American hospitals are being targeted in a wave of ransomware attacks as covid-19 infections in the US break records and push the country’s health infrastructure to the limit. As reports emerge of attacks that interrupted health care in at least six US hospitals, experts and government officials say they expect the impact to worsen—and warn that the attacks could potentially threaten patients’ lives.
“I think we’re at the beginning of this story,” said Mike Murray, CEO at the health-care security firm Scope Security. “These guys are moving very fast and very aggressively. These folks seem to be trying to collect as much money as possible very quickly. I think it will be tomorrow or over the weekend before the real scale of this is understood. Compromises are still ongoing.”
The Federal Bureau of Investigation, the Cybersecurity and Infrastructure Security Agency, and the Department of Health and Human Services published a dramatic warning on the night of Wednesday, October 28, about “imminent” ransomware threats to American hospitals. The agencies held a conference call with health-care security executives earlier that day to emphasize the need to prioritize this threat. Ransomware is a type of hack in which an attacker uses malware to hijack a victim’s system and demands payment before handing back control.
Hospitals including St. Lawrence Health System in New York, Sonoma Valley Hospital in California, and Sky Lakes Medical Center in Oregon have all said they’ve been hit by ransomware. A doctor told Reuters that one hospital had to function entirely on paper after its computers were taken offline.
Ransomware has grown into a multibillion-dollar international industry over the last decade and the pandemic has only increased profits. Is there any way to stop the threat?
One answer could be for the US government to carry out more offensive hacking operations against ransomware gangs, similar to one US Cyber Command conducted earlier this month. But today’s attacks prove that definitively disrupting the activity of these criminals is easier said than done.
The infamous ransomware gang behind these new attacks is known primarily as UNC1878 or Wizard Spider. The group, believed to be operating out of Eastern Europe, has been tracked for at least two years across hundreds of targets.
“They’re incredibly prolific,” said Allan Liska, an intelligence analyst at the cybersecurity firm Recorded Future. “Their infrastructure is very good. You can see that because even with the takedowns Microsoft and Cyber Command have tried, they’re still able to operate. Honestly, they’re better funded and more skilled than many nation-state actors.”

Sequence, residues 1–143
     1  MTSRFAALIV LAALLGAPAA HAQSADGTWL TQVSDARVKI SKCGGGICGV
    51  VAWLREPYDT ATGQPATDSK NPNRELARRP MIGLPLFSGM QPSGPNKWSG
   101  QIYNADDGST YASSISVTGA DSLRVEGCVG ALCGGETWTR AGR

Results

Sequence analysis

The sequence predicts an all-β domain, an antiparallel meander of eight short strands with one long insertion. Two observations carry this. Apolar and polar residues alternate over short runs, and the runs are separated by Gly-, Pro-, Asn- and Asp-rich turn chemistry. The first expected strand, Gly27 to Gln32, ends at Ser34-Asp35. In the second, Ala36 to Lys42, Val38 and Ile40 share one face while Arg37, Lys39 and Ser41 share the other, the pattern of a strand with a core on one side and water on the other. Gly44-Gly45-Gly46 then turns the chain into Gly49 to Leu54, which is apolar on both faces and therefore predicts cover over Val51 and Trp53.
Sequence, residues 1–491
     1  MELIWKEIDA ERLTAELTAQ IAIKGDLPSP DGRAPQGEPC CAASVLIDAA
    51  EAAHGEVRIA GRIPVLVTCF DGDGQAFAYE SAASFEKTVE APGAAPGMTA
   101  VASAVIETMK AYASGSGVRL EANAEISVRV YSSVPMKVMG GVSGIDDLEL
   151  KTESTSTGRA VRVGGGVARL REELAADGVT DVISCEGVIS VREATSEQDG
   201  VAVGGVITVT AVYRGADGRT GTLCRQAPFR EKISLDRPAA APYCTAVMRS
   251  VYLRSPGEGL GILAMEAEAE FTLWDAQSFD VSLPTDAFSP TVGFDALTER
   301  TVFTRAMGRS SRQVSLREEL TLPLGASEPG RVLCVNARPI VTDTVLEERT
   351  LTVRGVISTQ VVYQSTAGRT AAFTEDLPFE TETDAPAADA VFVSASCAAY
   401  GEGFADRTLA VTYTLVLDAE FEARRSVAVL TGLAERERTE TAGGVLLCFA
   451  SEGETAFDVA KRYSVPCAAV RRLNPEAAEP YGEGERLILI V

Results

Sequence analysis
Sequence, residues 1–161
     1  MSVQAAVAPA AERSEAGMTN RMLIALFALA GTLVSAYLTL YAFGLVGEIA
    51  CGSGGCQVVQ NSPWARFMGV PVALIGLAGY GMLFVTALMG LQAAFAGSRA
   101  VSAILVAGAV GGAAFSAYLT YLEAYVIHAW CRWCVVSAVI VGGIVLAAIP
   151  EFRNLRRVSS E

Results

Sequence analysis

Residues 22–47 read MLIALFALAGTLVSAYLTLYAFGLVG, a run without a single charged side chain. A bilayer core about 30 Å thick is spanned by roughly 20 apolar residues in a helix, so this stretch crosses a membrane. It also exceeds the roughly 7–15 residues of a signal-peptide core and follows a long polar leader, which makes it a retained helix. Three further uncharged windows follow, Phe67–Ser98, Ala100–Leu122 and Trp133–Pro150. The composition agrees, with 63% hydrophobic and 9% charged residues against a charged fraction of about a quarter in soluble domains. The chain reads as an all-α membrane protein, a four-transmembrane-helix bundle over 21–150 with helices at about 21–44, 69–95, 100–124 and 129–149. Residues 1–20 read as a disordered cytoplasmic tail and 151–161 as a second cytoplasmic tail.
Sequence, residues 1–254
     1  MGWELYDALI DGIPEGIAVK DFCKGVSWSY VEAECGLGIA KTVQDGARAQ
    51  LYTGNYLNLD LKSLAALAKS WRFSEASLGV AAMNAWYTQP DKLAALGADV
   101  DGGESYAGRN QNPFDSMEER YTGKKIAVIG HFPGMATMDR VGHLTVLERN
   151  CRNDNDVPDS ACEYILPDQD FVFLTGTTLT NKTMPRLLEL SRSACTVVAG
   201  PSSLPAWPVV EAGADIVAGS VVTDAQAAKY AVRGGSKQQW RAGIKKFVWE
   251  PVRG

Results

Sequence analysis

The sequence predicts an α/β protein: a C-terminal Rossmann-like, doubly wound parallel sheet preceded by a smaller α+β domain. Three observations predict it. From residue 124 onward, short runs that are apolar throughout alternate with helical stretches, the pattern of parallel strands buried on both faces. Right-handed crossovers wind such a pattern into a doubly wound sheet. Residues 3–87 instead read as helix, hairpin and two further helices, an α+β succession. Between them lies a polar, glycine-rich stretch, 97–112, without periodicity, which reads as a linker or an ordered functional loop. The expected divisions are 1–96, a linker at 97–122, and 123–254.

The hacking tools UNC1878 uses include the notorious TrickBot trojan to gain access to victims’ systems, and the Ryuk ransomware to extort victims. Several of the tools in the group’s arsenal spare targeted machines if the systems are operating in Russian or, sometimes, other languages used in post-Soviet nations.
The number of ransomware attacks against American hospitals has risen 71% from September to October 2020, according to the cybersecurity firm Check Point. The rest of the world has seen smaller but significant spikes in activity. Ryuk is responsible for 75% of ransomware attacks against American health-care organizations.
A patient died in September when ransomware hit a German hospital, but that attack appears to have targeted a hospital by mistake. By stark contrast, this week’s attacks are intentional.
This new startup has built a record-breaking 256-qubit quantum computer
QuEra Computing, launched by physicists at Harvard and MIT, is trying a different quantum approach to tackle impossibly hard computational tasks.
The code must go on: An Afghan coding bootcamp becomes a lifeline under Taliban rule
In Afghanistan, tech entrepreneurship was once promoted as an element of peace-building. Now, young coders wonder whether to stay or go.
Inside the machine that saved Moore’s Law
The Dutch firm ASML spent $9 billion and 17 years developing a way to keep making denser computer chips.
The internet runs on free open-source software. Who pays to fix it?
Volunteer-run projects like Log4J keep the internet running. The result is unsustainable burnout, and a national security risk when they go wrong.
Get the latest updates from
MIT Technology Review
Discover special offers, top stories, upcoming events, and more.